Capitalism v Socialism

To understand what’s gone wrong with our country, we have to start with what we got right.  What we got right was a compromise in the 1930s that created the democratic capitalist system that we have today.In the nineteen thirties there was a global battle between two different ideologies, capitalism and socialism.  The promise of socialism, to the people that believed in it, was that it would create greater wealth because it was scientific and it would spread that wealth more evenly. 

In the United States of America, to our credit, we did not fall for the fantasy of socialism.  Instead we took a different path. We stuck with capitalism, but we used democracy to make sure capitalism worked for everyone.  Capitalists got to continue owning the means of production, the factories and mines and railroads and stores, but we would use the power of democratic government to ensure that every US Citizen would have a chance to participate in our economy and that every participant would operate under the same set of financial and legal rules.  This compromise – we stick with capitalism, but everyone gets in the game and everyone plays by the same set of rules – is what made our country the greatest country in the world. 

One Set of Rules

The compromise made economic sense. Capitalism actually works better – is purer - if there is one set of rules for everybody. If there’s one set of rules, free market competition decides the winners.  If there are different sets of rules for different participants, it’s the government – the rule writer - that decides the winners and losers. Our economy is more efficient, and produces more wealth, if we let the market decide.  Capitalism works better if there is only one set of rules for banking, investment and insurance.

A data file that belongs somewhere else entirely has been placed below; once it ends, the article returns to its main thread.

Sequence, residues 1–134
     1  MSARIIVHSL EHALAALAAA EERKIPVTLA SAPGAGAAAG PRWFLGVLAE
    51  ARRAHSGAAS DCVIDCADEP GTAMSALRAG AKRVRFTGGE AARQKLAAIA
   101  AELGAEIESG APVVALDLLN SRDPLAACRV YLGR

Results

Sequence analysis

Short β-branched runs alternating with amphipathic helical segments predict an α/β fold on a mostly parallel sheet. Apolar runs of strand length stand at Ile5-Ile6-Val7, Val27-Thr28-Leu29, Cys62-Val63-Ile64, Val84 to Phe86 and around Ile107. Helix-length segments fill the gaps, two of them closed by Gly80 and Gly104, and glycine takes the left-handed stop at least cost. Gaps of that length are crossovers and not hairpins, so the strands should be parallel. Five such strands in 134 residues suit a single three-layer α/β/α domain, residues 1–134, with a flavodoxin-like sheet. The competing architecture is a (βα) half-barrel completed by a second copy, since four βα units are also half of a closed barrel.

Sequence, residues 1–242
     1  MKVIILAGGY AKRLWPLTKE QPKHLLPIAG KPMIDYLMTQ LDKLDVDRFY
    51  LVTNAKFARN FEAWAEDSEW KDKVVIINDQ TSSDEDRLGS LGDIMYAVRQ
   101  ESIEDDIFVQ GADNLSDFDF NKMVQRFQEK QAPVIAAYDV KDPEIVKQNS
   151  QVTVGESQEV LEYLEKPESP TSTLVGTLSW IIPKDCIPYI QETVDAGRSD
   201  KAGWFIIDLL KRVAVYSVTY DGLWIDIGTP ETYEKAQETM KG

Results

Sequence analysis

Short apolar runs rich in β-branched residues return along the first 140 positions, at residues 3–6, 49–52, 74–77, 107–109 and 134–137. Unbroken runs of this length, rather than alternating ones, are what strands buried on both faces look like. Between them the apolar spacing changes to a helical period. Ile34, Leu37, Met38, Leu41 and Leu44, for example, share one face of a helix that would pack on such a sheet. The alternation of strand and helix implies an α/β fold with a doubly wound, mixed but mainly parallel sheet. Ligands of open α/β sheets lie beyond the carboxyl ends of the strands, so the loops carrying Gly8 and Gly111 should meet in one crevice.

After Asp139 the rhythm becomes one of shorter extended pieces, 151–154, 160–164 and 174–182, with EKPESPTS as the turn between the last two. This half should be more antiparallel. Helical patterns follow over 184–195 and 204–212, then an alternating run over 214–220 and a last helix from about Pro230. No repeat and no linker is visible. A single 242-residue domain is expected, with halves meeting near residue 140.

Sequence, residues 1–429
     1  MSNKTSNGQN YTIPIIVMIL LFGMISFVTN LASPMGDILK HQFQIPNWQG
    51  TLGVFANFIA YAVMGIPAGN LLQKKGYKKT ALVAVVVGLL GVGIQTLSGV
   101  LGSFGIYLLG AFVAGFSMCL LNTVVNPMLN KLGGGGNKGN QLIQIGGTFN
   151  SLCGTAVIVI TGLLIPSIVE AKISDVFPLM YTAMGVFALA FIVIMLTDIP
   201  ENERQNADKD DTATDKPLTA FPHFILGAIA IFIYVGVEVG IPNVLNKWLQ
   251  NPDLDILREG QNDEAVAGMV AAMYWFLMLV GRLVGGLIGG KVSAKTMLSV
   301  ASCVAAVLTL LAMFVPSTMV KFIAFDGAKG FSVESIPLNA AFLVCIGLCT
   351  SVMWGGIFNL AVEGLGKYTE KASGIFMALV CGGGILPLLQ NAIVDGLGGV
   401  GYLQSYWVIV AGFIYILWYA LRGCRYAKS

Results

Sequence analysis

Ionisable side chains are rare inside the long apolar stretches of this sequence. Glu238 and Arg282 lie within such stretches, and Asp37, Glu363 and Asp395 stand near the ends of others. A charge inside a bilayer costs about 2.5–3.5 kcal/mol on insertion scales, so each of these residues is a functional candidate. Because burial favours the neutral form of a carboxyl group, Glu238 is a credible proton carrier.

Practical Libertarianism

Practical Libertarianism offers a realistic approach to the challenges of governing our country – the Libertarian Party is the answer our country needs.  

Libertarianism is based upon the primacy of free will, the idea that each and every person should have the right to choose the course of his or her life.  But we live in a modern, interconnected world - the ability of individuals to participate in our free market is dependent, in part, upon a role for government.  Ensuring that each child has access to education and every person has access to roads and highways, regardless of a person’s ability to pay taxes in support of road building.  Regulating the financial system.  These and many other tasks of government are critical to ensuring that each and every American can participate in the free market –that each individual has the skills and opportunities to exercise his or her free will in our economy.  Our country has always shied away from redistribution of outcomes.  We have always believed in redistribution of opportunities, of using the power of government to ensure that each person has the ability to pursue their own version of the American Dream.  We call it Democratic Capitalism, and it works.